Update on Uganda
Dear Supporters and Friends of REACH,
We wanted to provide another update on the situation in Uganda and how the REACH for Uganda is meeting the challenge of Covid19.
Uganda: With the onset of the pandemic, the Ugandan government declared a nationwide shelter in place, which banned all travel, meetings of more than 5 people, and closing of non-essential businesses. On May 18, the President of Uganda announced some restrictions would begin to lift. The 95 districts not connected to an international border were permitted to use private vehicles starting May 26. On June 4, public transportation will resume in these districts, and businesses (shops, hotels, and others) where social distancing can be practiced will open. Some schools will also open on June 4 with restrictions as identified later below. For the 40 districts with any kind of international border (including Bududa and Namisindwa), the restrictions remain until further notice. The total number of known virus cases in Uganda is 248, and almost all cases (except 9) were found in travelers returning by air or truck drivers coming into the country. The total population in Uganda is 42.72 million, so clearly Uganda’s immediate action has helped keep the total number of cases down.
REACH staff have independently started radio shows, which is accessed by the community. The President’s district representative was invited to speak about ways to stay safe, and he also spoke about the importance of safety for women and girls. The radio show has also addressed gender-based violence, and poverty. Community members have expressed their appreciation for the radio show.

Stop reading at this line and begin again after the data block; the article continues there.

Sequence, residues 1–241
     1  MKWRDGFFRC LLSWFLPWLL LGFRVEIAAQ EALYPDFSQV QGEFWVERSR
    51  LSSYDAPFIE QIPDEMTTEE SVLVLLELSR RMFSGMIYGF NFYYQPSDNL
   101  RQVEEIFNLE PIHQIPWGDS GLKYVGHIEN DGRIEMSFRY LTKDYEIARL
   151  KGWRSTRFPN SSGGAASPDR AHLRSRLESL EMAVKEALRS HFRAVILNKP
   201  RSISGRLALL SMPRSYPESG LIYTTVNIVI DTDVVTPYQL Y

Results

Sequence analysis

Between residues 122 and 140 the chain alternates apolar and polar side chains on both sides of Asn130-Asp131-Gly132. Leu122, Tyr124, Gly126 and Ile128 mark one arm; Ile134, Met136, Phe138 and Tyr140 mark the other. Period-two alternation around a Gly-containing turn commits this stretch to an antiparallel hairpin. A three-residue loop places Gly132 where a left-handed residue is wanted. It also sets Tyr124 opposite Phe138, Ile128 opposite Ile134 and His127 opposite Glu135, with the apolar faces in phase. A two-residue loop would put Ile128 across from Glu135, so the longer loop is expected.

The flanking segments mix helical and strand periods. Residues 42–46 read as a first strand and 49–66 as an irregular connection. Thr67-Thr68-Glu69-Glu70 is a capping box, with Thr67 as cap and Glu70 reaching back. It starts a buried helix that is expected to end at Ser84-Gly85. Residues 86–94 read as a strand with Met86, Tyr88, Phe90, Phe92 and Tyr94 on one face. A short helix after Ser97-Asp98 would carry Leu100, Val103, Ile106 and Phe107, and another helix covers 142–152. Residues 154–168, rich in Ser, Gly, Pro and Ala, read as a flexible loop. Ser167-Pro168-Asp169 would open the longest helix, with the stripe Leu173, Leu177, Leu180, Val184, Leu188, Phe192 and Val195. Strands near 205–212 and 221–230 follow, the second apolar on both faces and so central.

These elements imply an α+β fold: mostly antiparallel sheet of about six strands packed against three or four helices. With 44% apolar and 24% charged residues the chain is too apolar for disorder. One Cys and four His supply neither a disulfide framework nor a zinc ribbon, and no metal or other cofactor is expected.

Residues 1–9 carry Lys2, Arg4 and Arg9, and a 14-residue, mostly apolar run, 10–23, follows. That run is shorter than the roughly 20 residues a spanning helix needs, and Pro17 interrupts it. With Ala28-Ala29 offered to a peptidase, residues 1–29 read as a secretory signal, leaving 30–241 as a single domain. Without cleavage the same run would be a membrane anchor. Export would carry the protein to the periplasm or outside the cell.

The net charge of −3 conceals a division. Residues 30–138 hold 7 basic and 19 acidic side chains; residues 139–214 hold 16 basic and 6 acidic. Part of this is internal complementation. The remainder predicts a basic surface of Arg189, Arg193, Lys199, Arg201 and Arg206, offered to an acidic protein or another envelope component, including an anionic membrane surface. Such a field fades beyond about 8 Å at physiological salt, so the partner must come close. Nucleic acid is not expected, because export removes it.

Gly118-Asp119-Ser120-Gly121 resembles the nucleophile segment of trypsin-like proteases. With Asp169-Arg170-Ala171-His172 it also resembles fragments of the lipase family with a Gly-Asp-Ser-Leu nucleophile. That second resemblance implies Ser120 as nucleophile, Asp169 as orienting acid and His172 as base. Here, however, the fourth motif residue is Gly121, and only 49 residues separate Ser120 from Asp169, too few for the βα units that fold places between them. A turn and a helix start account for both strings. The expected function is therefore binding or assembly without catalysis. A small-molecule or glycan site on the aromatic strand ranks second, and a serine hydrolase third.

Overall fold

Schools: REACH Uganda has taken a strong lead in ensuring students are still able to learn and have access to their teachers and mentors.
- Secondary school students were provided with a month’s worth of school work. With the lockdown extended, many schools are sending additional work to their students through their parents’ phones, and confirming receipt. If there is an issue with receiving the work, the schools are working to get the material to the students.
- REACH has made copies of the lessons provided by the government and delivered them either to student homes, or to the nearest pickup point.
- AJS provides class work and tests to upper primary students. Every two days, the students complete their work and it is picked up, then replaced with additional work.
- The University Coordinator has created a WhatsApp group for older students, so they can communicate with each other. Work is also shared in the app.
- The Coordinators for University, Girls’ Programming, and Secondary School Coordinator have made calls to parents to touch base with students and ensure they are safe. Calls increased since the shutdown has been extended.
Clinics: Our two clinics remain open. Health facilities and the entire country have been focused on curative rather than preventive measures, but is now prioritizing preventive measures by educating about hand washing and other practices to ensure safety.
Staff: REACH staff are still working and coordinating with students. Because student tuition is paid by parents via wire transfers, this ensures a steady flow of cash, which allows for almost all staff salaries to be made via wire transfers, so staff can be paid quickly and efficiently.
Letters: Letters for your students are due by May 31.
REACH Uganda has learned some valuable lessons during this time, and have seen this as an opportunity for the organization to strengthen policies and safeguard programs. In the coming weeks, we will be sharing REACH plans for when schools do reopen.
If you have any questions about your student, please call the office (703) 879-6034 and talk with Myriam or Courtney.
Thank you again for your continued concern and support and please stay safe,
President, Board of Directors